It is an interesting concept for developers looking to add communication functionality to their apps while also getting paid. App monetization is one of the largest problems facing developers currently and Twilio takes that to heart. In that regard, Twilio is also teaming up with venture capitalist Dave McClure and super angel Ron Conway to set up a seed fund to developers using Twilio Connect.
“So, you build your app once. It works. So, now you connect your app to a Twilio account owned by somebody else who then pays for the usage incurred by your app,” said Jeff Lawson, CEO and co-founder of Twilio. “You [the developer] don’t have to worry about paying for the usage because they [the other Twilio account user] will pay us directly.”
The interesting part about Twilio connect is that it cuts the burden of abundant usage out of the developer’s lap. Every start up wants a lot of users. Yet, if they are not ready to scale, one consumer using 10 GB of data through the app could blow the budget for the entire app. Twilio is launching Connect with Mobile Commons, Optimizely, GoodData and MuleSoft.
Essentially, Twilio is trying to disrupt the connectivity and payment platform of enterprise service providers like Cisco. By moving communications to the cloud and providing pay-as-you-go billing that does not hang over the developers’ head, Twilio has a chance to grow rapidly in both the consumer app development community and the enterprise. Twilio Client, the first major launch of Twilio communications services as a platform, has been widely adopted and used by such enterprise companies as ZenDesk. Companies such as GroupMe, AirBnB and Intuit are using Twilio to provide secure and safe voice and text services within their apps as well.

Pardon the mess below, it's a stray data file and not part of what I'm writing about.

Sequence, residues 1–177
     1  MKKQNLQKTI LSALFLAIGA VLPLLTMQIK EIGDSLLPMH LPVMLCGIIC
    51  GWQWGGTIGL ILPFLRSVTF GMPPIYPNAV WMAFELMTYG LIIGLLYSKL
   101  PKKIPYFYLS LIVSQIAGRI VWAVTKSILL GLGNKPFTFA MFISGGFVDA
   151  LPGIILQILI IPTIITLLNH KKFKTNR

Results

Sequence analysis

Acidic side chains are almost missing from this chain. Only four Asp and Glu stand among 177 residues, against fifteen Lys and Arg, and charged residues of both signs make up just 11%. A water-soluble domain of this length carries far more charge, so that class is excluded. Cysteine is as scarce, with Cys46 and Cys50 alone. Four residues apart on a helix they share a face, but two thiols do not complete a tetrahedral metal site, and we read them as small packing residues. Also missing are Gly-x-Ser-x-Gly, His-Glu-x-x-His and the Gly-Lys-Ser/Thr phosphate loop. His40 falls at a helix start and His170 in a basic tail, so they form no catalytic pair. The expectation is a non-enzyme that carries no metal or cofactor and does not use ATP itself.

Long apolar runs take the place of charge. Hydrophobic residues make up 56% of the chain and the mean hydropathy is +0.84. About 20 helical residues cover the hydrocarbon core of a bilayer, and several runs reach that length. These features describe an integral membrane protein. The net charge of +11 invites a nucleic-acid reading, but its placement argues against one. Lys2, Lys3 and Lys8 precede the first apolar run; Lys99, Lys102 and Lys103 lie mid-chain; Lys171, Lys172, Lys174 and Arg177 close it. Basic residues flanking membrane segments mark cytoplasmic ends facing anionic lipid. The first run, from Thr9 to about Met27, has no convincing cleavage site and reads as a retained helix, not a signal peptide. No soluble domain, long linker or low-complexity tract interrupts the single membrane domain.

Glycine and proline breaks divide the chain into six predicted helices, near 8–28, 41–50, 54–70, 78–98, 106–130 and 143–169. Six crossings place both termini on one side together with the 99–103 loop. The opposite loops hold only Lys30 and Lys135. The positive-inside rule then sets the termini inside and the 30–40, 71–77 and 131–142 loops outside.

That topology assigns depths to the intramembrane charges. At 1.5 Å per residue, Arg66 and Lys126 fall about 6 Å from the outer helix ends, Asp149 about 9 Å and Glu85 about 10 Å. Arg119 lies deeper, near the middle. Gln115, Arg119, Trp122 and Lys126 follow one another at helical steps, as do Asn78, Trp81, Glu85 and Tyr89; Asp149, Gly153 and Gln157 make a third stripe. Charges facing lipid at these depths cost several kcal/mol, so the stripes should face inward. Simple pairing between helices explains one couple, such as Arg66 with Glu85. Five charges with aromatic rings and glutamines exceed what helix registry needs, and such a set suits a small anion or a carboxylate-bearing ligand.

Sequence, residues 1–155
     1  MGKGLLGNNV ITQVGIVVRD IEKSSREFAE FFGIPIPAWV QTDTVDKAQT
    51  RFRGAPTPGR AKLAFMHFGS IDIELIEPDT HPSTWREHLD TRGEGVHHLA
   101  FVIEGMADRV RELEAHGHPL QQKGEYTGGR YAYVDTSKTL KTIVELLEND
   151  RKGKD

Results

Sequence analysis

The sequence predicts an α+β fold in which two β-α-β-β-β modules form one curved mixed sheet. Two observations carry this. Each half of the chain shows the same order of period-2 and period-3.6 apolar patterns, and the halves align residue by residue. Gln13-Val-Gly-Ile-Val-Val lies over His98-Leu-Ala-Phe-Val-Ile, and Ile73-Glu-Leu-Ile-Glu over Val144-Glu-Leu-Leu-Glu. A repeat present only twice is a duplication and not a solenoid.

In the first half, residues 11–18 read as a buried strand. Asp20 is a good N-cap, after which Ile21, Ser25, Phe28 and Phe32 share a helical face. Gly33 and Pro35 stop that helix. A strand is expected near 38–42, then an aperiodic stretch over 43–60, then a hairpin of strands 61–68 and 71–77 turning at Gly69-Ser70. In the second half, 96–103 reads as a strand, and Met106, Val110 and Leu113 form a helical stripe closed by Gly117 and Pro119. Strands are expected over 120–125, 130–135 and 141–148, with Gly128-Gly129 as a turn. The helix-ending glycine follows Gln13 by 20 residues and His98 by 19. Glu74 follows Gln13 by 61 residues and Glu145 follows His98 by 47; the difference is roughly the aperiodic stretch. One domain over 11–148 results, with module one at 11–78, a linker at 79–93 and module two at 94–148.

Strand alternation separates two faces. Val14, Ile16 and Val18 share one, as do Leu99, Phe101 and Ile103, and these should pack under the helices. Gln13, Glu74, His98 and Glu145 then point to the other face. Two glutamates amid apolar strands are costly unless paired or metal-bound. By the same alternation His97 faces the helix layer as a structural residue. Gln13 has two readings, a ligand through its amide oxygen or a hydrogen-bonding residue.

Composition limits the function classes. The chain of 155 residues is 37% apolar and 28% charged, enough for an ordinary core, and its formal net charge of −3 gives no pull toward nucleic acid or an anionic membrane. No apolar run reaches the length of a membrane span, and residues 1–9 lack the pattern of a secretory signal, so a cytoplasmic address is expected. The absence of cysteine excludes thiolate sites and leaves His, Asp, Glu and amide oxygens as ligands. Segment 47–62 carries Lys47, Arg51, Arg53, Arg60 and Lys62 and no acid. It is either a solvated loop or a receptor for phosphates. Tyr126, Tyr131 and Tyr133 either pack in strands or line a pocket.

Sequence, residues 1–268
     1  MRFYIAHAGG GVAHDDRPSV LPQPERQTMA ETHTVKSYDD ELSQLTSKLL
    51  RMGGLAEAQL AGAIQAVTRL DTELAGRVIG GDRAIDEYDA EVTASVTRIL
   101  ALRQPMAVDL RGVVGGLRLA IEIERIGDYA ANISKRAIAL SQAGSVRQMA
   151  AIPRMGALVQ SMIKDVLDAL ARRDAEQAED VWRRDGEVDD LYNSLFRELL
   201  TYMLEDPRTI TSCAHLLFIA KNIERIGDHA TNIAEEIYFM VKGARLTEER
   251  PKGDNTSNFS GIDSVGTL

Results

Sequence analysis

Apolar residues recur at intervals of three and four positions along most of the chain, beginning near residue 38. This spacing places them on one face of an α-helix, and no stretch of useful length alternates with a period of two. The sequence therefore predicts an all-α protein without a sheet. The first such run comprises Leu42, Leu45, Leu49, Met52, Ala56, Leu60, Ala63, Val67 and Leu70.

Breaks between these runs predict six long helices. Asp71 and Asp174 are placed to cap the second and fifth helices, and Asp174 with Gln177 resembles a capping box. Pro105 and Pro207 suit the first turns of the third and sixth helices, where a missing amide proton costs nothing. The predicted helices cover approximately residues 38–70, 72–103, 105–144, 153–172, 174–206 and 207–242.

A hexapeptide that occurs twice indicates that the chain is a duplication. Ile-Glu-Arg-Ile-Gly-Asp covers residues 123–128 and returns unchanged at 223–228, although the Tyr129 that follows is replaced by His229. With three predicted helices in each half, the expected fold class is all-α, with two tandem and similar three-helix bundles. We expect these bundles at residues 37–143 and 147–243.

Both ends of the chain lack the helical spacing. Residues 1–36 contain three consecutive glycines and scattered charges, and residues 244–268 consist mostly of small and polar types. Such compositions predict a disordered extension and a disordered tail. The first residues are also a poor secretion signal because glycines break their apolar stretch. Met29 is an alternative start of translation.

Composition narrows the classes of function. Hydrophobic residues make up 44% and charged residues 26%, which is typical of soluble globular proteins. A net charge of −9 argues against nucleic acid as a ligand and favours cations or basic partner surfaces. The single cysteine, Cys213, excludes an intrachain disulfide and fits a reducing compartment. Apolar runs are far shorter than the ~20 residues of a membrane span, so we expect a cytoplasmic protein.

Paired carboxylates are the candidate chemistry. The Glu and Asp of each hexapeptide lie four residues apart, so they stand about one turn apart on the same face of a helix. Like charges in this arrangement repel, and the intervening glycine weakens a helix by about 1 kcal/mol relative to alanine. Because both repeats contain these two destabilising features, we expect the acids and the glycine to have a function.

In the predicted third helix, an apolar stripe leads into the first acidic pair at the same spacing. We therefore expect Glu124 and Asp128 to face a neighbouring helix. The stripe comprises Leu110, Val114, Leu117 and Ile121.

On the seed fund side, Twilio is announcing that is has another round of its Twilio Fund (this time called Connect, appropriately) for developers that are using Twilio’s new service in their applications. The fund is $250,000 with the average payout around $25,000, run and funded by McClure with Conway matching any investment that goes into the fund.
On Hacker News the other day, the top story was “Twilio has an incredible API” by a user named DickeyTK that used Twilio to set up a service similar to freeconferencecall.com. His biggest concern was that he would not be able to foot the Twilio bill if the service blew up. Lawson saw this on Sunday but knew that he could not tell DickeyTK that the answer to his problems were going to be announced at Twilio’s conference today.
Another minor announcement to come out of Twilio today was that they have added “presence,” or the ability to see if a user is available, busy or not taking communications, to Twilio Client with one line of code. Now, this may not seem like such a big deal because presence has been around for a while with AOL, Gmail, Facebook and the enterprise communications companies, but presence is not easy to pull off.
Developers – What do you think of Twilio Connect? Is this the type of service that will not only help you implement communication technology but also assist you in getting paid? Let us know in the comments.
View full post on ReadWriteWeb